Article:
Senate to vote on parent trigger, outcome still a toss-up
Florida Democrats have sharp words for the Republican Party’s education policy initiatives this year. That includes tuition hikes and university budget cuts, along with the creation of a 12th state university and what they see as not enough money for traditional public schools. But Lynn Hatter reports their outcry may be a little too late.
With Republican super-majorities in both legislative chambers, Democrats have little say in the way policy choices are made, and budgets are carried out. But that isn’t stopping them from airing their grievances, as they did Wednesday in a press conference outside the Capitol.
“Someone said to me, and I use this example, It’s like a robber whose taken $10 from you. Comes back and returns $7, and wants you to thank him for it.”
Florida Democratic Party Chairman Rod Smith goes down the list of what he says is an egregious affront to public education and joining him are several House Democrats, like Representative Darren Soto. Soto says the state’s higher education budget proposal pits universities against each other.
“We see USF being split off and used as a bargaining chip. We see my university, UCF taking huge cuts. And all the while for the strategy of focusing on the University of Florida and Florida State. And what is it we’re doing? We’re increasing tuition. That is the reform.”
In the final hours of the 2012 legislative session, Republicans are poised to approve all the things the Democrats don’t want. Like a $300 million dollar cut to the state’s public universities. A 12th state university created under what can only be described as a series of parliamentary and technical maneuvers, and a billion dollar increase to the K-12 system that STILL doesn’t fully reimburse all the cuts public schools took the year before.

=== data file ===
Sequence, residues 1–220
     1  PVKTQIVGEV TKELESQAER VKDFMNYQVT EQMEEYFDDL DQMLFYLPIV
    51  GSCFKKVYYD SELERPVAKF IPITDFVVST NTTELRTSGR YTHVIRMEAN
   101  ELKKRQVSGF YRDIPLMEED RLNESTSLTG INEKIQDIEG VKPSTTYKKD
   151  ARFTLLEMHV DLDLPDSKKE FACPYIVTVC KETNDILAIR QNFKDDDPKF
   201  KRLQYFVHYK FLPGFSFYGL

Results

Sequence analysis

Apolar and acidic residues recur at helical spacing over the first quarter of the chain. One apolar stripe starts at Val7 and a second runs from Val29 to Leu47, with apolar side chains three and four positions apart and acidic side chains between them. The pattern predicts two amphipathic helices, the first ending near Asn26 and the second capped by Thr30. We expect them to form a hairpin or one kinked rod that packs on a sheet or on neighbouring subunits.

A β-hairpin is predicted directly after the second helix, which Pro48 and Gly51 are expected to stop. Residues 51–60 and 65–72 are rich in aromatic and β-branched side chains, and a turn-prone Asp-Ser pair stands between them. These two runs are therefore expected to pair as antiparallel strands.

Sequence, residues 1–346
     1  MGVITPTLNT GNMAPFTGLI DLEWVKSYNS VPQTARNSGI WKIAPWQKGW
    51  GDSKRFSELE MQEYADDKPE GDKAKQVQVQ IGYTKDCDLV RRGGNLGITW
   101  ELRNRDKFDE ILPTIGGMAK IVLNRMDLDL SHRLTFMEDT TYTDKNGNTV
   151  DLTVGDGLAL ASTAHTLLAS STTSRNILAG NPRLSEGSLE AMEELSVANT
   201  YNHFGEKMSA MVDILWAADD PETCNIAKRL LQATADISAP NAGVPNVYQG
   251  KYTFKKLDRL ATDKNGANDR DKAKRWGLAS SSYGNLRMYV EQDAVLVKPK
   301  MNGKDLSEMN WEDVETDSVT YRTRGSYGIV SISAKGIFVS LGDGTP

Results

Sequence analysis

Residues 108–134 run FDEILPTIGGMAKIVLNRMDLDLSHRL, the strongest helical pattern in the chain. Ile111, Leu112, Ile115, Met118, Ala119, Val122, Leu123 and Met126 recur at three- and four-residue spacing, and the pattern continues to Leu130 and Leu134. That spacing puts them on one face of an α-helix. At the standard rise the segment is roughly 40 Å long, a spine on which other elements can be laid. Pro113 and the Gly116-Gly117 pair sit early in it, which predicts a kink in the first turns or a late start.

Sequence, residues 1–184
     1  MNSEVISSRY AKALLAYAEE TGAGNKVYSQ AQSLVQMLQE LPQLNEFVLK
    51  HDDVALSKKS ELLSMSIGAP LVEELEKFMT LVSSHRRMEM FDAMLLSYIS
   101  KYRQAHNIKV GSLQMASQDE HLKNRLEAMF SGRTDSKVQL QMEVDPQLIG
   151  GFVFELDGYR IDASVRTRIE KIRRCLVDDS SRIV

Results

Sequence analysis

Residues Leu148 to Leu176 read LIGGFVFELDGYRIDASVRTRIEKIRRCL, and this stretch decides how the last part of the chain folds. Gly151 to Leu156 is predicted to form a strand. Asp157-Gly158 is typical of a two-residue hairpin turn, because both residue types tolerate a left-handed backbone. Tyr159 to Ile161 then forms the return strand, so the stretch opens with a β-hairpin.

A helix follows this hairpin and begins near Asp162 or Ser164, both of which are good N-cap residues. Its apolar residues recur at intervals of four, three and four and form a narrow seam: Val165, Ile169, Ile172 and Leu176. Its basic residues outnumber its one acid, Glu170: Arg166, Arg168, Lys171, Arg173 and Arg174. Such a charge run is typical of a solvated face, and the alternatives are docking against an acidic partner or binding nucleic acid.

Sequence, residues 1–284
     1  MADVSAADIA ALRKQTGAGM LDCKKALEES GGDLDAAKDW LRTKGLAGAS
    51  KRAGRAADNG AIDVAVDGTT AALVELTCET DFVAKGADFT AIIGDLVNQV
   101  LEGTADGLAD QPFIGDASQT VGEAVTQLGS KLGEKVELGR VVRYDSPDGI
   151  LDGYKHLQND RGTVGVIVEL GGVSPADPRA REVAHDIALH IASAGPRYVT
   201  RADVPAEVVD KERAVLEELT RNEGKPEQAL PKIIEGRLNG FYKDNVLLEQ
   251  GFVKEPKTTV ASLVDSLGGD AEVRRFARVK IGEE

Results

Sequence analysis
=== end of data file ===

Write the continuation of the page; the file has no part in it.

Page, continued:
However, one big issue still looms large before the legislature, and Democrats are looking to the Senate and a rogue set of lawmakers to help them score at least one major victory: The defeat of the so-called parent-trigger bill, at least, that’s what Democrat State Representative Janet Cruz says she’s hearing through the Capitol rumor mill.
“I’m thinking that they’re going to defeat it and I hope that they do. That’s what I’m hearing through the grapevine, that we don’t have to worry because it’s probably going to be defeated in the Senate. That’s what I’m counting on.”
The House has already approved the measure but troubles in the Senate have kept it from coming forward. Late last week Senate Democrats managed to get enough Republicans to pull a procedural move to stop the fast-tracking of the bill to the chamber floor. Monday they block it from being heard on the Senate floor. Tuesday, a group of opponents led by Senate Minority leader Nan Rich of Sunrise held a press conference to oppose the measure…
“We had 19 Senators that objected to removing the bill from committee. That’s 12 Democrats and 7 Republicans. That’s a pretty strong bi-partisan coalition. Reporter: That’s one short of what you need. Rich: We’re going to find that person.”
Wednesday night another bi-partisan coalition made up of Rich, Democrat Chis Smith and Republican Evelyn Lynn tried, but narrowly failed to block the bill a fourth-time. At the end of the Senate’s Special Order Committee, Senator Lynn and Rules Chairman John Thrasher clashed over a move that required the committee to vote on all the bills as one, instead of breaking out the parent trigger for a separate vote.
Thrasher: “You’ve heard the bills on the special order calendar…"
Lynn: “I have a question.”
Thrasher: “…Just heard for March 8 and I’d like the secretary to call the roll…”
Lynn: “Is my vote for/against going to show on the record?”
Thrasher: “Sen. Lynn you’re going to vote or yes or no on the Special order Calendar for March 8. Call the role….”
The parent trigger has the backing of former Governor Jeb Bush, Governor Rick Scott and the California based Parent Revolution group. In the run-up to what is the deciding vote on the matter, supporters have been parading statements of support made by prominent national Democrats, and even African-Americans, in an attempt to drum up more support.
The Senate’s vote is expected to be close.